United States, Japan and South Korea have denounced North Korea for its recent "unprovoked" attacks on the South and warned of "severe consequences" if further strikes are launched.
Days after North Korea attacked the Yeonpyeong islands resulting in the loss of South Korean lives, Foreign Ministers of the three countries met in Washington and alleged that the "provocative and belligerent" behaviour of Pyongyang threatens peace and stability in Asia.
Secretary of State Hillary Clinton, who held closed-door talks with her Japanese and South Korean counterparts Seiji Maehara Kim Sung-hwan respectively, also said China "has a special role to play" in helping shape the behaviour of North Korea.
"We all agree that North Korea's provocative and belligerent behaviour jeopardises peace and stability in Asia. We are deeply concerned by its unprovoked attack on the island of Yeonpyeong, resulting in the loss of South Korean lives," Clinton told a joint press conference with the Japanese and South Korean Foreign Ministers.
"The minister and I share the view that the attack by the North Koreans violates the Armistice Agreement of 1953, that North Korea's provocative and belligerent behaviour threatens us all, and that it will be met with solidarity from all three countries," Clinton said.
Kim said the three countries firmly share the view that North Korea's armed attack poses a grave threat to the peace and security of not only the Korean Peninsula, but also the entire Asian-Pacific region.
"We, the three ministers, agreed that North Korea's shelling of Yeonpyeong Island is an unlawful act in clear violation of the UN charter, Korean Armistice Agreement of 1953 and basic agreement, and call on North Korea to cease its provocative behaviour.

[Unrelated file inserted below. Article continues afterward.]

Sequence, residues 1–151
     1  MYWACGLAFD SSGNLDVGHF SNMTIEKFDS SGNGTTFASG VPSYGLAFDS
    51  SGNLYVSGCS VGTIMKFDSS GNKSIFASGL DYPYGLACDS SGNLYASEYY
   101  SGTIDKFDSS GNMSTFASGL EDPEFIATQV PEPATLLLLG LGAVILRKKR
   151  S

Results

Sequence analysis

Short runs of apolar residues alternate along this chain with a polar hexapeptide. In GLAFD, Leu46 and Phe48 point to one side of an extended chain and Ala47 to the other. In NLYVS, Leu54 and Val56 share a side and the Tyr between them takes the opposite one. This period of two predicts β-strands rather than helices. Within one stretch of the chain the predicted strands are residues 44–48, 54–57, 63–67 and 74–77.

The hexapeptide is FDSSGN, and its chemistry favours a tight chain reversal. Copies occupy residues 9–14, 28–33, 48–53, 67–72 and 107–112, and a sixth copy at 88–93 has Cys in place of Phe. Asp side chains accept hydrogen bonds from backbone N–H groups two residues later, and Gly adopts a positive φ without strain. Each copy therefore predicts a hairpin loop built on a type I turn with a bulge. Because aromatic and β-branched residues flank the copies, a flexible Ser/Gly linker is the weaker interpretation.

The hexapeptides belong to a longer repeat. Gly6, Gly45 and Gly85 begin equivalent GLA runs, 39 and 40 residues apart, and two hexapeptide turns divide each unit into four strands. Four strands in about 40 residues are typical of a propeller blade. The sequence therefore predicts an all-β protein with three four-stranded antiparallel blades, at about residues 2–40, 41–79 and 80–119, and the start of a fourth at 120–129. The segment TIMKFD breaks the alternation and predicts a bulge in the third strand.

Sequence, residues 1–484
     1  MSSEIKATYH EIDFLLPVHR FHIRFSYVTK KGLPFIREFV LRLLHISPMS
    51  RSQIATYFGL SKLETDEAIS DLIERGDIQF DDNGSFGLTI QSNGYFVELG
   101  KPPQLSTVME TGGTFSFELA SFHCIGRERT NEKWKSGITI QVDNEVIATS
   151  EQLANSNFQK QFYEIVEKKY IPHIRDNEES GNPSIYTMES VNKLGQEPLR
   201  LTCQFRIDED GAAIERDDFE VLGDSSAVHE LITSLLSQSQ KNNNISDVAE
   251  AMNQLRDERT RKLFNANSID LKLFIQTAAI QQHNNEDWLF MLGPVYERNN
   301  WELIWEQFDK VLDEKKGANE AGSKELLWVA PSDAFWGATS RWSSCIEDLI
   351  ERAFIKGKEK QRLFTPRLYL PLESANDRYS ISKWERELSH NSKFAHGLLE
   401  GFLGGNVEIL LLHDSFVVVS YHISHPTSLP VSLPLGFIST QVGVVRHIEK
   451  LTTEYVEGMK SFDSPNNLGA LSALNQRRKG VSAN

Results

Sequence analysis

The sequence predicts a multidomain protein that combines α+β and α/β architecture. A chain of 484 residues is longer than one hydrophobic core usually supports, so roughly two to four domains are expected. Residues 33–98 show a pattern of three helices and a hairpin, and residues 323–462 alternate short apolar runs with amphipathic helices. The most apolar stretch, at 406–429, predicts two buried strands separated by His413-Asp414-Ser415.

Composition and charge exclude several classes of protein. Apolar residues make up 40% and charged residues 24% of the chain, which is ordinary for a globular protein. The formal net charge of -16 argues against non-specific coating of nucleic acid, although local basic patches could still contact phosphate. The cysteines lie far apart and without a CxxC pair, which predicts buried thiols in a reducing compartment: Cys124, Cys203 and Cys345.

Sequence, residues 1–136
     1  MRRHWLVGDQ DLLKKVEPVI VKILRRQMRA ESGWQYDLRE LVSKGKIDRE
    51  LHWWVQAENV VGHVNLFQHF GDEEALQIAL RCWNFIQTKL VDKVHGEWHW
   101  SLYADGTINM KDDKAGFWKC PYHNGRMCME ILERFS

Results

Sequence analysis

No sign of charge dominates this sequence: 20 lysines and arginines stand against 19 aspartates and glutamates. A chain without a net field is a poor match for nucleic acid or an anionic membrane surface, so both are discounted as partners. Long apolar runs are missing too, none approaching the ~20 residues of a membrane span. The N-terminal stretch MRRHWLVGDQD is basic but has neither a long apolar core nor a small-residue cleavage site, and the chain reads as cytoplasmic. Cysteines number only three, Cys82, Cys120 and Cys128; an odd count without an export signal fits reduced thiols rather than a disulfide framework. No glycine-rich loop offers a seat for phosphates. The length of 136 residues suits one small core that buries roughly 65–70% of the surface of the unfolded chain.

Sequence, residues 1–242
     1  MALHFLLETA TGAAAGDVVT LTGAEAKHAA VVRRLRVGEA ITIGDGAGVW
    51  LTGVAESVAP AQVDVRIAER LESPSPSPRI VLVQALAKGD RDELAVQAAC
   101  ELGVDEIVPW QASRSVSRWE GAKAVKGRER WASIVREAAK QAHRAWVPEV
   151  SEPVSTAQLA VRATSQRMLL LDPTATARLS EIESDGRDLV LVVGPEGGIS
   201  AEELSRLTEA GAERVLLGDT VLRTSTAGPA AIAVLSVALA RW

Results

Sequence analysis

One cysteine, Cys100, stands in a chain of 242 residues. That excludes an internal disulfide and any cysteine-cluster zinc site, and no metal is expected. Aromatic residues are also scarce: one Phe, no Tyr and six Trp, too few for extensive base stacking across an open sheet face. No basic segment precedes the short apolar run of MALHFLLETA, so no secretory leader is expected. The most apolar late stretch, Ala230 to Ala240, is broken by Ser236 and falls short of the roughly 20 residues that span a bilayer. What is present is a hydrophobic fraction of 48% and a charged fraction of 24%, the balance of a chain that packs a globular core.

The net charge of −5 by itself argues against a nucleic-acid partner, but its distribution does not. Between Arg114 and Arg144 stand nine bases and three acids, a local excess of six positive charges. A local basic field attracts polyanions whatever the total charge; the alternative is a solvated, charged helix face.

"We also share the view that North Korea will face severe consequences if it engages further provocations," he said.
The Japanese foreign minister called on North Korea to comply with the Security Council resolutions and the joint statement of the Six-Party Talks.
"We also agree that there is a need for concrete action by DPRK. Also, the three countries agree that we would hope that China, which chairs the Six-Party Talks, to play an even greater role in relation to North Korea," he said.
The trilateral meeting reaffirmed the steps that North Korea must take in order for a resumption of six-party talks to produce results.
"North Korea must improve relations with the Republic of Korea and cease its provocative behavior. North Korea must also comply with its international obligations and take concrete steps to implement its denuclearisation commitments under the September 2005 Joint Statement," Clinton said.
Kim said the three countries also underscored that North Korea's uranium enrichment program is a clear violation of UN Security Council resolution as well as the joint statement of the September 2005.
"We reaffirmed that we will continue our efforts to realise the common goals of complete and verifiable denuclearisation of North Korea," Kim said.
Clinton said the three countries look forward to China playing a vital role in regional diplomacy.
"They have a unique relationship with North Korea, and we would hope that China would work with us to send a clear, unmistakable message to North Korea that they have to demonstrate a seriousness of purpose."
Clinton said the recent attack on the islands is the latest in a series of North Korean provocations.
North Korea has disclosed a uranium enrichment programme that violates UN Security Council Resolutions 1718 and 1874, as well as North Korea's commitments under the September 2005 Joint Statement of the Six-Party Talks, she said.
"And the sinking of the 'Cheonan', killing 46 South Korean sailors, deepened North Korea's international isolation," she said.
Clinton said from day one, the Obama administration has made clear that North Korea needs to change.
The Secretary of State said the international community has repeatedly presented North Korean leadership with a path toward greater engagement and integration, but thus far that country has chosen the path of confrontation and isolation.
"The path to a better relationship and a secure and prosperous future is still open to North Korea if it makes the right choices. We remain committed to seeking opportunities for dialogue. But we will not reward North Korea for shattering the peace or defying the international community," she said.
She said the Chairman of the Joint Chiefs of Staff Admiral Mike Mullen will lead a delegation to South Korea tonight to enhance coordination on strategic deterrence. He will then visit Tokyo.
Next week, she will be sending a high-level team to Asia to follow up on Tuesday's meeting.